Just like in 1985, efforts to improve the lot of workers who are injured on the job are being thwarted by conservative politicians more familiar with corporate boardrooms than assembly lines. Just like in 1985, Mississippi ranks at or near the bottom of most indices in the way it treats injured workers and their families.

However, something has indeed changed: The lot of those workers is even worse than it was in 1985. In fact, according to Jackson plaintiffs’ attorney Roger K. Doolittle, it’s so bad that “this is unprecedented in Mississippi jurisprudence.”

How bad is it?

A year ago this month, the state House Insurance Committee held a hearing on findings in a study ordered by Doolittle that showed the three members of the state Workers’ Compensation Commission—Chairman Liles Williams, John Junkin, and Augustus Collins II (who recently stepped down)—siding decisively with the employer in most cases before them, particularly in reversals of administrative court decisions.

For example, 77 percent of the reversals of administrative judge rulings sought by Williams were in favor of the employer. For Junkin, 91 percent of the reversals were for the employer’s benefit. For Collins, 75 percent were for the employer.

Although the committee discussed the possibility of a state investigation into the commission and its actions, House Insurance Committee Chairman Walter Robinson of Bolton told me recently that such an investigation is “still in limbo.”

“You’ve got judges that collectively have the highest experience rate in the history of the (workers compensation) act, and they are being reversed at the rate of about 80 percent,” Doolittle said, referring to reversals of decisions favoring the employee. “What they want is for people like me to stop representing poor people.”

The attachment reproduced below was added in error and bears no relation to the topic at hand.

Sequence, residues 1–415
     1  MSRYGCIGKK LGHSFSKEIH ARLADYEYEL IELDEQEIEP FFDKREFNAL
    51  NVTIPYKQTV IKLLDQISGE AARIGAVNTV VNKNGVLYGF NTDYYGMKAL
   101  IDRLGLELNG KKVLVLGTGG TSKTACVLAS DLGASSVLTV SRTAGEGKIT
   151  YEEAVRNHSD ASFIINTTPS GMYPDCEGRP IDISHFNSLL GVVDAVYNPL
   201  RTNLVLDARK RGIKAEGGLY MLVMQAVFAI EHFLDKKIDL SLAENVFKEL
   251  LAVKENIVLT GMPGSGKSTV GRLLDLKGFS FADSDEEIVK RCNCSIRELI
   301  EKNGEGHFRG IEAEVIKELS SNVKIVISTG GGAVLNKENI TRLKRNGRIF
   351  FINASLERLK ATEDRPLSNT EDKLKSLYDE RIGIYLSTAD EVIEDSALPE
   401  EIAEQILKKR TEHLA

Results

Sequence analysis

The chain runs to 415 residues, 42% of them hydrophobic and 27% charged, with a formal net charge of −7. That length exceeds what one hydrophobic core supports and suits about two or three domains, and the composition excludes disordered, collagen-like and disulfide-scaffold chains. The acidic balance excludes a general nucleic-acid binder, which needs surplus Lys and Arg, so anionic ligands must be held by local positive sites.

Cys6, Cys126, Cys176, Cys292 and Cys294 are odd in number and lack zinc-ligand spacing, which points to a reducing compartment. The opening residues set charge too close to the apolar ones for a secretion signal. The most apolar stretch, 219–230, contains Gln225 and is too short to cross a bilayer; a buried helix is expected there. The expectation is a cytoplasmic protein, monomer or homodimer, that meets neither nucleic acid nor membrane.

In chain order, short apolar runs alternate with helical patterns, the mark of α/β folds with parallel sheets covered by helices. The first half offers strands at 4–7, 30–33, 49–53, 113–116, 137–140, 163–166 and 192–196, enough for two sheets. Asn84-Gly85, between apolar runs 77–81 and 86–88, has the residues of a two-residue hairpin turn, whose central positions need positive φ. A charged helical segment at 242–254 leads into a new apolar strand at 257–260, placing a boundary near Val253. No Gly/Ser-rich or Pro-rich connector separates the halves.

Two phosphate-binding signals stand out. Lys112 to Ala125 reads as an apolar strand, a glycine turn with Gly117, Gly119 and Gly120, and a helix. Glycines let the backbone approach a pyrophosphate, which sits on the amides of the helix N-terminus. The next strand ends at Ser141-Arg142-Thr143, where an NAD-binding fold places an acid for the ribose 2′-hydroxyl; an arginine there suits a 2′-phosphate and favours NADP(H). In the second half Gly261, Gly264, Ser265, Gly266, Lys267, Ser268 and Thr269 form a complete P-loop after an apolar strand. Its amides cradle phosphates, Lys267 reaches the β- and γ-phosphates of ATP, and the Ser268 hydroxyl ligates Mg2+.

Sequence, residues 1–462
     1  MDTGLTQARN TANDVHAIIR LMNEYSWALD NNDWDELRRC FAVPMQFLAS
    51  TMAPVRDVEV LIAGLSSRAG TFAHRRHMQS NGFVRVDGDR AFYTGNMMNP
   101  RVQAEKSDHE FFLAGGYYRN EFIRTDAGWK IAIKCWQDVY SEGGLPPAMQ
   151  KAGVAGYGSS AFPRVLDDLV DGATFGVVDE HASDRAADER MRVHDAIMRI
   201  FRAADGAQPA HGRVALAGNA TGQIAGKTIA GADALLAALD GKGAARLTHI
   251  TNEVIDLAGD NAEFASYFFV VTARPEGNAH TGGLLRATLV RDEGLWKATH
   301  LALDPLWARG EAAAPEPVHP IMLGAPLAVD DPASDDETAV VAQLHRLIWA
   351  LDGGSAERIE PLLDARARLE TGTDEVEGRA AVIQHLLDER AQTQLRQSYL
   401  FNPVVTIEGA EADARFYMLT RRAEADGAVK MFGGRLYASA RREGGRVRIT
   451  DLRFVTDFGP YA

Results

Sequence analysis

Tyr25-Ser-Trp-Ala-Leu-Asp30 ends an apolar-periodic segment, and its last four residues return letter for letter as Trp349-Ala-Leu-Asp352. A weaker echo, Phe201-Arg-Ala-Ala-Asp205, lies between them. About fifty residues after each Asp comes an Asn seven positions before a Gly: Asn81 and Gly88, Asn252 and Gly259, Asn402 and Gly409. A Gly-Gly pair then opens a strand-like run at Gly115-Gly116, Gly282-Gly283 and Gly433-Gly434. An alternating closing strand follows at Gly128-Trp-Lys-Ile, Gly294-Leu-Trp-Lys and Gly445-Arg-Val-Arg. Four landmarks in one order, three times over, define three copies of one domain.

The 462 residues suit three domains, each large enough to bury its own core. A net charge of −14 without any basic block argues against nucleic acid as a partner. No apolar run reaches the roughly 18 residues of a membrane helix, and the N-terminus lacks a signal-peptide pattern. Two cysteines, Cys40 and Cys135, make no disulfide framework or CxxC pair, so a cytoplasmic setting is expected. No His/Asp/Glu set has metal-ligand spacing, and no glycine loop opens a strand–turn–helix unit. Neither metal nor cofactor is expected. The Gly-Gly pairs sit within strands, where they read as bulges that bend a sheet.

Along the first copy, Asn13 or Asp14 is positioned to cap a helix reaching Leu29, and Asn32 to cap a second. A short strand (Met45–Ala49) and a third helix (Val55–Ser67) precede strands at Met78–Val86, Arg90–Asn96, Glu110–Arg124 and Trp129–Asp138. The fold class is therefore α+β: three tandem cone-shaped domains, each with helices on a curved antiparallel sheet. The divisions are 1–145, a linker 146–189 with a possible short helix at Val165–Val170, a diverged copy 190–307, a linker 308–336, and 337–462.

Jackson attorney John Jones agrees with Doolittle’s findings. “I’ve been doing this for 25 years, and I’ve never seen a commission this conservative. … The irony is that by statute and by history, (workers compensation) is supposed to be tilted toward the worker. The worker is supposed to get the benefit of all doubt.”

Not in Mississippi, the last state in the nation to adopt a workers’ compensation law and perennially among the bottom feeders among states in what it pays injured workers or their families in cases of death. Statistics can be hard to find, but some 80 workers in Mississippi died in work-related injuries in 2008. Jones estimates approximately 13,000 workers were injured on the job every year, and many more may go unreported.

State Workers’ Compensation Commission Chairman Williams, whose first six-year term ends in December, said Doolittle’s numbers are misleading because they don’t include affirmations of court rulings that would present a more balanced picture. Even so, his own numbers show a pro-employer tilt: 59 percent of cases for the employer, 41 percent for the employee.

“I don’t think it is accurate to say we are biased,” said Williams, a veteran political figure in Mississippi and former vice president of the Stuart C. Irby Co. in Jackson. “We objectively make what we believe is the right decision based on the law.”

For Jackson attorneys Lance Stevens and Rogen Chhabra, the problems is the makeup of the commission itself, all gubernatorial appointees, none of whom had prior workers’ compensation experience. Due to the complexity of workers’ compensation law, “I would prefer that all three commissioners were lawyers,” Stevens said.

Jaribu Hill, executive director of the Greenville-based Mississippi Workers’ Center for Human Rights, said that “more of a fair and even playing field” is needed for workers in Mississippi, something the state Legislature and other political leaders need to recognize. “We go back every year to the same well to draw water. It’s frustrating and demoralizing. People are not willing to move an inch. We’re not even talking about a mile.”

Déjà vu.